Hearing On Public Financing – Ad Hoc Testimony On Voting Integrity Issue

Yesterday the Government Administration and Elections Committee held hearings on proposed fixes to the Citizens Election Program which has been ruled unconstitutional and is currently under appeal.  You can read the details at CTMirror and CTNewsJunkie.  As the systems stands now there is great uncertainty.  For now the program continues under the current law, but the appeals court could rule at anytime confirming the law or more likely ruling it unconstitutional.  In the event the law is ruled unconstitutional the legislature would have seven days to fix the law to maintain the program, but  the fate of a fix and its details would remain unknown leaving uncertainty until it is fixed.

Officially the state’s position is that the law is constitutional. The Legislature and Governor can act now to fix the law, yet that would seem to have the same effect as a ruling that the law is unconstitutional.  The result is ongoing uncertainty for candidates now as they contemplate what might happen if they choose to participate in the program.

Ad Hoc Testimony On Instant Runoff Voting (IRV)

We went to the hearing to listen, with no intention of testifying.  We focus our efforts on voting integrity.  While I personally support the Citizens Election Program we see no voting integrity implications positive or negative.  However, Representative Linda Schofield brought up the issue of Instant Runoff Voting (IRV) in her testimony.  She urged the committee to consider adding IRV to the bill and stated the benefits she found in research on IRV.  After her testimony I gave her my card and asked to discuss the reasons some are concerned with IRV.  Later another advocate expressed support of IRV in his testimony.  A committee member,  Representative Peggy Reeves, asked Representative Schofield an important question:  Could our current optical scanners handle an IRV election?

I debated testifying.  The hearing was about the Citizens Election Program.  IRV was really off topic.  However, this was the first time to my knowledge that IRV has come up in the Legislature.  Perhaps with a few words I could express an alternative view before a large number of legislators take a position; so legislators and advocates would know that there are alternative views and significant concerns.  I was the last speaker after a long day, accepting the Chair’s generous offer for anyone to testify who had not signed up.  My goal was to be brief and not waste anyone’s time. Hopefully we will have a transcript in a few days.  I made the following points:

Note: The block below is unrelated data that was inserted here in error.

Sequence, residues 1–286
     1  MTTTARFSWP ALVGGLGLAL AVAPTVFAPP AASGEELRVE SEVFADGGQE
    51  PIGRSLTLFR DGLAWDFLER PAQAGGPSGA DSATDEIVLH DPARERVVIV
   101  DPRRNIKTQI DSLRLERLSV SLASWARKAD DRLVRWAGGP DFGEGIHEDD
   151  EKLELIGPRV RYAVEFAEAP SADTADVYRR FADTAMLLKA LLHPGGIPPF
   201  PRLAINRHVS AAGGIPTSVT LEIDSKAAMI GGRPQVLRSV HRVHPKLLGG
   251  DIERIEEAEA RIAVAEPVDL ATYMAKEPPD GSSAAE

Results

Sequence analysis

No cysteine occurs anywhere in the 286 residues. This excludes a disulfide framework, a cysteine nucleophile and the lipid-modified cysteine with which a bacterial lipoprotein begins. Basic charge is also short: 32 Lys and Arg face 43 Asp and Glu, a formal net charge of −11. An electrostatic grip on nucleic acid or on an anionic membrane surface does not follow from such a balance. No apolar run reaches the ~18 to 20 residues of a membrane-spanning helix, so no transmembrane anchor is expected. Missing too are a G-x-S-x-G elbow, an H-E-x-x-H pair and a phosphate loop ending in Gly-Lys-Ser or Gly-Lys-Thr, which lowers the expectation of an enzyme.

• Like many people, I initially thought IRV was a good idea – something that would promote democracy and improve participation.  Yet, after more reading and understanding I found significant concerns.
  • It is difficult to determine the winner and verify the result particularly when votes are close.  It may be feasible for races in a single district or a single small jurisdiction, yet gets much more difficult and complicated when elections cross jurisdictional boundaries.
  • IRV requires more work and knowledge on the part of voters.  Imagine a several page ballot replacing what we now fit on a one-sided ballot.  Where IRV has been used, voters do not understand it. (Not to mention quite a bit of extra work and knowledge required of election officials as well).
  • There are theoretical problems with IRV actually delivering the desired/claimed benefits.  In practice such problems have frequently occurred.

For more background and details on concerns with IRV refer to our post, IRV: Not So Fast, Not So Simple.

Update: Rep. Schofield called me the next day; we had a very good discussion. She was completely open to considering additional information, as I am.


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